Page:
Hiking the 2023 John Muir Trail / Nüümü Poyo

A group of buddies and I walked 242 miles from Mt. Whitney to Yosemite Valley.


September 1, 2023

The John Muir Trail (JMT) is a backpacking trail through California’s Sierra Nevada. For folks heading northbound, the trail begins at the top of Mt. Whitney—the tallest mountain in the contiguous US—ascending 8 mountain passes over 214 miles to Yosemite Valley. The JMT’s route traces portions of Nüümü Poyo, or the People’s Trail: historically significant trade routes maintained by people indigenous to what is now California.

A group of buddies and I took on the JMT this August. 2023 saw record snow pack in the Sierra Nevada; measures vary, but snowfall was well over twice that of an average year. Usually melted out by the end of July, many of the mountain passes we’d come across still held plenty of snow, and were rapidly melting to make for intense and plentiful river crossings. The record snowpack had also caused the partial collapse of the South Fork San Joaquin River bridge, introducing logistical uncertainty for the JMT class of 2023. It’d be a wet one.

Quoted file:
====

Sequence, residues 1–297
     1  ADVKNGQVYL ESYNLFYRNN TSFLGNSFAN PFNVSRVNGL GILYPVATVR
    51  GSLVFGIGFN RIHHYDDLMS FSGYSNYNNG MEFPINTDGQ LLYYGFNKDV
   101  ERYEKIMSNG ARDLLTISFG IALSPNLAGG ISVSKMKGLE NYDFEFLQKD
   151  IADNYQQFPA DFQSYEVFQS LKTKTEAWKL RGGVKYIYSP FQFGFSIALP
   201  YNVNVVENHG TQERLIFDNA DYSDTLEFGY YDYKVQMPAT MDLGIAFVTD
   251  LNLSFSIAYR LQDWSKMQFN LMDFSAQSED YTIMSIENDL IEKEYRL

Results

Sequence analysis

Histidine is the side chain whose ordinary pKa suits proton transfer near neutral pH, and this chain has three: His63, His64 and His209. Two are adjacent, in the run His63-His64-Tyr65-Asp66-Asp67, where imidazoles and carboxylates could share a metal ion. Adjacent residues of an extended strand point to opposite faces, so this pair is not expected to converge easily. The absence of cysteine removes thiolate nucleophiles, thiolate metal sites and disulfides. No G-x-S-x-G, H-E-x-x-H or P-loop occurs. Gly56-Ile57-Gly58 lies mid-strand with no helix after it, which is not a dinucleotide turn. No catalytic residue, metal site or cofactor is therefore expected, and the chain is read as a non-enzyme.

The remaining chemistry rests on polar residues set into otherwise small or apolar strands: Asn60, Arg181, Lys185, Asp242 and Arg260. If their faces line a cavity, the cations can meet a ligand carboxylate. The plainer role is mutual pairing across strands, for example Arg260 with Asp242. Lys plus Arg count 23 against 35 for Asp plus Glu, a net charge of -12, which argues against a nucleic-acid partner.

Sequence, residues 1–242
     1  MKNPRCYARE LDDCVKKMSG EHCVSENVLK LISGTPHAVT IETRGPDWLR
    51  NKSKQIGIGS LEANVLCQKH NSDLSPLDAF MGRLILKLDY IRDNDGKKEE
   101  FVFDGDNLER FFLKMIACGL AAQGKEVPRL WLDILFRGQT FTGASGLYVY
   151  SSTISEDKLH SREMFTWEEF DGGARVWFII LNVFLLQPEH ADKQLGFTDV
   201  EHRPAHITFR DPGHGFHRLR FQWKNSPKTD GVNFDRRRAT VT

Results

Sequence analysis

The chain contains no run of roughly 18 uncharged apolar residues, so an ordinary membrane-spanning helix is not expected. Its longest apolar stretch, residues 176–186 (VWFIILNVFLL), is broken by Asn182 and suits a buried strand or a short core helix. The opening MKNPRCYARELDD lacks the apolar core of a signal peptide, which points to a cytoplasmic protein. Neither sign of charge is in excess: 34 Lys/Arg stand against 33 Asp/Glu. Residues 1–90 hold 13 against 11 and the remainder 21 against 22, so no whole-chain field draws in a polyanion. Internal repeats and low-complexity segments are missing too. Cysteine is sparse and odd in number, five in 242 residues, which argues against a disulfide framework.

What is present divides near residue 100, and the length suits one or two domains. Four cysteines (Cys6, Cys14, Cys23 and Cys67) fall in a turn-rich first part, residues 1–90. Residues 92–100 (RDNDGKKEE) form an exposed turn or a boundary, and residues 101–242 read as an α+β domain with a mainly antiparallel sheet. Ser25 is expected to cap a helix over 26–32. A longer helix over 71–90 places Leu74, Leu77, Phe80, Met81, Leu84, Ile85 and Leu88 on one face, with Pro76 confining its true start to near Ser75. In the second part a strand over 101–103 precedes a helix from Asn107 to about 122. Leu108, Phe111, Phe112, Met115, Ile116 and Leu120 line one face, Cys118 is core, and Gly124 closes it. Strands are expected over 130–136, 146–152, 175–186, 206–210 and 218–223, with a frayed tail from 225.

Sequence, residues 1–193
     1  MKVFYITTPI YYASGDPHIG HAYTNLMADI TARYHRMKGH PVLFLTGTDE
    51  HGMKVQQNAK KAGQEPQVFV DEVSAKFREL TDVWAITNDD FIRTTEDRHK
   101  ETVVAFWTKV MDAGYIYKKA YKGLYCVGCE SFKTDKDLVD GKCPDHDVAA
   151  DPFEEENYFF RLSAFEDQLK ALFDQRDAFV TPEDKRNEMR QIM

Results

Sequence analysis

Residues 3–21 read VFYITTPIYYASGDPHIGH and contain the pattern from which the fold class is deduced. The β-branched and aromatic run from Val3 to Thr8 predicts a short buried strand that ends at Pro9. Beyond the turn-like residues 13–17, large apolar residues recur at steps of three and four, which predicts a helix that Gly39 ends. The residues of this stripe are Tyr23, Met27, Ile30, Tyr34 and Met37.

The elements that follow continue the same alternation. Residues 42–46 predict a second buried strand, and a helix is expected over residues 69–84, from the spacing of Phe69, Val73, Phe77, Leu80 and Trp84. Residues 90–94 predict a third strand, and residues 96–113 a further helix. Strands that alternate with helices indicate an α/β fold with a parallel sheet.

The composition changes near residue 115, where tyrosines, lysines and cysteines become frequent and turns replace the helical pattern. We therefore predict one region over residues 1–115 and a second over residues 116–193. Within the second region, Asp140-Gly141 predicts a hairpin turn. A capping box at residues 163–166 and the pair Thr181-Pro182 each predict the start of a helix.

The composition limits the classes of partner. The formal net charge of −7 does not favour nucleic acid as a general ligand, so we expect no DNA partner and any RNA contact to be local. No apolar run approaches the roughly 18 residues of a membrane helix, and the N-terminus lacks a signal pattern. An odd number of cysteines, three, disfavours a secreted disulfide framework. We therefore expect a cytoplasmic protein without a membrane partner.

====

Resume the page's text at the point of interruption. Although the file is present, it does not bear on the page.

I typically remember very little of my backpacking trips after the fact. This time around, I tried to take a couple pictures and write a couple sentences a day.1 I decided to stitch them together, unedited, as a blog post below.

Day -1: At the trailhead

Watched the sun rise in Death Valley and wrapped up the drive to the trailhead.

A landscape image of brown and tan plateaus in Death Valley. Death Valley.

Seeing the mountains from the west during the drive up had my heart racing. Met up with the last of our group, Dakota, and made a short trek to our first campsite. Hiked 5:30-7:30pm and quickly realized how fast these folks are. Some serious imposter syndrome.

Day 0: First full day

After a tough sleep and shitty coffee, I snapped the strap on one of my stuff sacks. Hit the trail with Chicken Legs, got to talking about poop and our life plans, and felt strong by 6:30am or so.

Somewhat burnt out pines in the foreground give way to scattered peaks and a partly cloudy sky beyond. Cottonwood Pass.

Rest of the day was tough and beautiful hiking. Ended at Guitar Lake with plans to summit Whitney early the next morning.

A small creek flows into Guitar Lake, a small alpine lake sitting below Mount Whitney. Guitar Lake, facing east.

Day 1: Mt. Whitney summit

Summited Mt. Whitney at 5:55am. The ascent had a gorgeous rhythm to it: hike switchback, check for friend’s headlamps, dwell on altitude headache, repeat. It was amazing to watch the sea of headlamps build and build behind us throughout the morning.

Me and a friend descend Mount Whitney as alpine glow ascends over the peaks neighboring the mountain with the first morning light. Chunks and I descending Mt. Whitney after sunrise.

As we walked further, talked with Double Dip about relationships for a while before pulling out my headphones for the first time this trip; music sounded so, so good. Ended the day (at, like, 3pm) with a quick swim and a thunderstorm.